UnitedHealth's recent decision to require doctors to get prior authorization before performing most inpatient hysterectomies has sparked a debate about whether insurers or doctors know patients better, according to the Washington Post.
UnitedHealth announced the chane, effective April 6, in a network bulletin to healthcare professionals and facilities earlier this year. Prior authorization is not required for outpatient hysterectomies.
The insurer said it based its decision on the recommendation of the American Congress of Obstetricians and Gynecologists (ACOG), which has linked vaginal hysterectomies to better outcomes and fewer complications than laparoscopic or abdominal hysterectomies. These procedures use electric blades that can sometimes miss cancerous tissue, which then grows into new tumors, the Post pointed out.
The idea of insurers limiting certain types of medical procedures isn't new, Sabrina Corlette, a senior research fellow at the Center on Health Insurance Reform at Georgetown University, told the Post. However, the limits usually apply to new or elective procedures, not something done as frequently as a hysterectomy.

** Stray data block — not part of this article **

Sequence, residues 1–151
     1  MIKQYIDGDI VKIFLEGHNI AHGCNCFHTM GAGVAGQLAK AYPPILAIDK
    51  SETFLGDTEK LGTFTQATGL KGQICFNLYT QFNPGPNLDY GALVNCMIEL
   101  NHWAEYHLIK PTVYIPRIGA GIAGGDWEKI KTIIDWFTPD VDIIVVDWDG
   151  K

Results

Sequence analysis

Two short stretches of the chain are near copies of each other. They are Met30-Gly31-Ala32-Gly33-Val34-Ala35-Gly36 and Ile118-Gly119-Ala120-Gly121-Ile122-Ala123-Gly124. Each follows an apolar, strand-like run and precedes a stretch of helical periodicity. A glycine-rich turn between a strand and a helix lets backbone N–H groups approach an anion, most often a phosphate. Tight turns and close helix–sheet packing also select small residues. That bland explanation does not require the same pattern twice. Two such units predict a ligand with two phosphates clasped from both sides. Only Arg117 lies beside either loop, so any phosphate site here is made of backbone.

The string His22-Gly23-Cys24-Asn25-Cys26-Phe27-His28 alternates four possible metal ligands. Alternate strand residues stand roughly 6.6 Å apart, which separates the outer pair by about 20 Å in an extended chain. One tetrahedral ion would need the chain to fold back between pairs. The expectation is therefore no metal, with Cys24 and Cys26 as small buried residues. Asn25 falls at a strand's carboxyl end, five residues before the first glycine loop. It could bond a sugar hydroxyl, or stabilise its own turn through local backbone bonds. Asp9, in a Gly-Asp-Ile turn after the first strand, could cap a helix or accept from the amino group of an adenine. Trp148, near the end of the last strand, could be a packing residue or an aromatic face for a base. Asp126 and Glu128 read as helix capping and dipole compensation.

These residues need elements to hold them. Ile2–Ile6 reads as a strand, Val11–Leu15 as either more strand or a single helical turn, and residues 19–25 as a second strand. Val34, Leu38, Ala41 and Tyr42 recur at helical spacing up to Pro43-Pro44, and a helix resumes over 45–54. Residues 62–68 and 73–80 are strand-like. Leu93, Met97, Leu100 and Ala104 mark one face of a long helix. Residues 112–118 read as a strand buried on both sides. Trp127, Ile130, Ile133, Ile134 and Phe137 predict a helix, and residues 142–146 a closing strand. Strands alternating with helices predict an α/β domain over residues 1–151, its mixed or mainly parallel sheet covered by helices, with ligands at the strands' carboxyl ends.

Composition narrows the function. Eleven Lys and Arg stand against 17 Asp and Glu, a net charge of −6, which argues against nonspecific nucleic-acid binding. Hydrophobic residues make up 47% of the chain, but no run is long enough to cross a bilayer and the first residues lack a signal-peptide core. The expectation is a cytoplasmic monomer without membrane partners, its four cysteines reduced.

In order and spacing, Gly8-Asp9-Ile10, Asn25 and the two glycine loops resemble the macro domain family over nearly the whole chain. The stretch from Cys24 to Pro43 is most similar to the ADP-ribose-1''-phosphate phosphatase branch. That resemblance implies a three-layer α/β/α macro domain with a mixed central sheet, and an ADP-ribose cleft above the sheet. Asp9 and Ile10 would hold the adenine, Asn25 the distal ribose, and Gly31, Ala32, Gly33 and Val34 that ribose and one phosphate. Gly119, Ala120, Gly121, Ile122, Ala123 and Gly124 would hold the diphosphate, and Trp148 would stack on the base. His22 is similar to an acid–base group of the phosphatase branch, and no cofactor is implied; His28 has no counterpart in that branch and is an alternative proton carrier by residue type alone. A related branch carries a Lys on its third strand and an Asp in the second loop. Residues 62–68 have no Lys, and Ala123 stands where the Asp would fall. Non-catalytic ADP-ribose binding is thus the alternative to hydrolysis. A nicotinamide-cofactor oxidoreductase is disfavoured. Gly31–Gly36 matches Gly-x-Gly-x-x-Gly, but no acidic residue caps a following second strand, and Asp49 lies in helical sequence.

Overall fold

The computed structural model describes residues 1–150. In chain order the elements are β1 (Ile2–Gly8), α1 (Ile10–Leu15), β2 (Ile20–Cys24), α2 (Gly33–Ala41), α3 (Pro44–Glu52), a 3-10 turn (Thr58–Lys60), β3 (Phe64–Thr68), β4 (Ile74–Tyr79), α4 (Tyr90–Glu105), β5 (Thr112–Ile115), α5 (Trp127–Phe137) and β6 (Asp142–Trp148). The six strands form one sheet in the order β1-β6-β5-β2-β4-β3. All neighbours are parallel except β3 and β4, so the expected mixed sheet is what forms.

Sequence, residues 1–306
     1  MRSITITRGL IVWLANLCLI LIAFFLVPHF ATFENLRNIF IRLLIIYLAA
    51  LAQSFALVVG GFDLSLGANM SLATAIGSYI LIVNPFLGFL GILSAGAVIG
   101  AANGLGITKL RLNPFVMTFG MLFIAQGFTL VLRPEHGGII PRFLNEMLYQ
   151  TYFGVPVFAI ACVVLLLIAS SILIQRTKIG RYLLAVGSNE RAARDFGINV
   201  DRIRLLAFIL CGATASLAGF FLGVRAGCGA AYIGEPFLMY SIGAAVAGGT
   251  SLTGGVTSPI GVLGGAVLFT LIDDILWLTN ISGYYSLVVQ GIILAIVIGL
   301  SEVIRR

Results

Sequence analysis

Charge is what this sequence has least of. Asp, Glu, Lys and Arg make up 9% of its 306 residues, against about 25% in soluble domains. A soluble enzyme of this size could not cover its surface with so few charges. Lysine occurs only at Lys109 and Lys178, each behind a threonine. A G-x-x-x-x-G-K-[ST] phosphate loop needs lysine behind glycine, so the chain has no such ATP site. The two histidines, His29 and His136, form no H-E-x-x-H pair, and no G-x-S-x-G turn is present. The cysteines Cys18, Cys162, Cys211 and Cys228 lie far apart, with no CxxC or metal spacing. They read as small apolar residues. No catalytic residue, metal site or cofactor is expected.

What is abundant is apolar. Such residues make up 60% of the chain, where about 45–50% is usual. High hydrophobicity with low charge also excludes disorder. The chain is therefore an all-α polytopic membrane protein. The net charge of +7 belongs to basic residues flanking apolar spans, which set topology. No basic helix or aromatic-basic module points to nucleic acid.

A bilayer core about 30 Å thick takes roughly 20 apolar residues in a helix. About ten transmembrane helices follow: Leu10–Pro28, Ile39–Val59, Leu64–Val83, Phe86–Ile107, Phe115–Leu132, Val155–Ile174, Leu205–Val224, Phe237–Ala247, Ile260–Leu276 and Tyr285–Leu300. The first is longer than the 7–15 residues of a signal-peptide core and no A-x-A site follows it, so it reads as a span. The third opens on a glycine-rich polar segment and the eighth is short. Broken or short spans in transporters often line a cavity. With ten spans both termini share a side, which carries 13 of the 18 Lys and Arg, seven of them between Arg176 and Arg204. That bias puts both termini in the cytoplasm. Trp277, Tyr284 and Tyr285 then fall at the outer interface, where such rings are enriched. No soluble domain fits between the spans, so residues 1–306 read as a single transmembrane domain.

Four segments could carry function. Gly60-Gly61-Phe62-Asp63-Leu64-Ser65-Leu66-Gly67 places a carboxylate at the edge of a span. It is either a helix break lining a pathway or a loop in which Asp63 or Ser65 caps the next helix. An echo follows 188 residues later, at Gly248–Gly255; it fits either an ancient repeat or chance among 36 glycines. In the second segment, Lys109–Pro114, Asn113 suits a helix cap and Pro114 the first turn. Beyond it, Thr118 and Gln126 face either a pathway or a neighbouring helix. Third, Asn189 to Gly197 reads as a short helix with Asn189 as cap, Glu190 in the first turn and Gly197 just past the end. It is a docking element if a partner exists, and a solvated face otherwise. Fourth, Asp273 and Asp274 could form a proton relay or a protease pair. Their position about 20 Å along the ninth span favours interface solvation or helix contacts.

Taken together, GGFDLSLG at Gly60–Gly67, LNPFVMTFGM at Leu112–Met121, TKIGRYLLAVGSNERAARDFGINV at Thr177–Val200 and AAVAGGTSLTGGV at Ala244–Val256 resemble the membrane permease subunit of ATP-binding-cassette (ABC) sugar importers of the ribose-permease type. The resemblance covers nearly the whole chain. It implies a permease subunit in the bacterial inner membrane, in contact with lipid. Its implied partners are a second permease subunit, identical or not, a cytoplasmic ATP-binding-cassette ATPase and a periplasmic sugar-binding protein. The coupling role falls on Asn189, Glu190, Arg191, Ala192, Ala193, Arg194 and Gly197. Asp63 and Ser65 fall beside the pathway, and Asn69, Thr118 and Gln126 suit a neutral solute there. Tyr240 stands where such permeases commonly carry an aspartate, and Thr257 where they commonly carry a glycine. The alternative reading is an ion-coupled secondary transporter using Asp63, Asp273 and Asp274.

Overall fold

Likewise, it's not uncommon for insurers to seek prior authorization for certain treatments. However, those cases usually involve repeated services such as chiropractic visits, pain medications or acupuncture, FierceHealthPayer previously reported.
"Is it appropriate for the insurance company to stand in the shoes of the doctor and say, 'We know better?," Corlette asked in the Post. "Well, evidence has built up over years that suggests--as much as we hate to think this--that doctors are motivated by financial reasons. When doctors are paid per procedure, you see they perform lots of procedures."
ACOG, despite its recommendation, disagreed, and told the Wall Street Journal, "These decisions are best made between a physician and a patient, not a third party administrative decision-maker." One gynecologist added, "I don't really want [UnitedHealth] telling me what type of hysterectomy I should be doing."
Major insurers remain split on prior authorization for hysterectomies. Along with UnitedHealth, Anthem requires it, while Aetna and Cigna do not, according to the Journal. Anthem began the practice last year amid concerns that doctors don't always consider alternatives to hysterectomies to treat fibroids, which are benign growths that can be hard to distinguish from cancerous uterine sarcoma.
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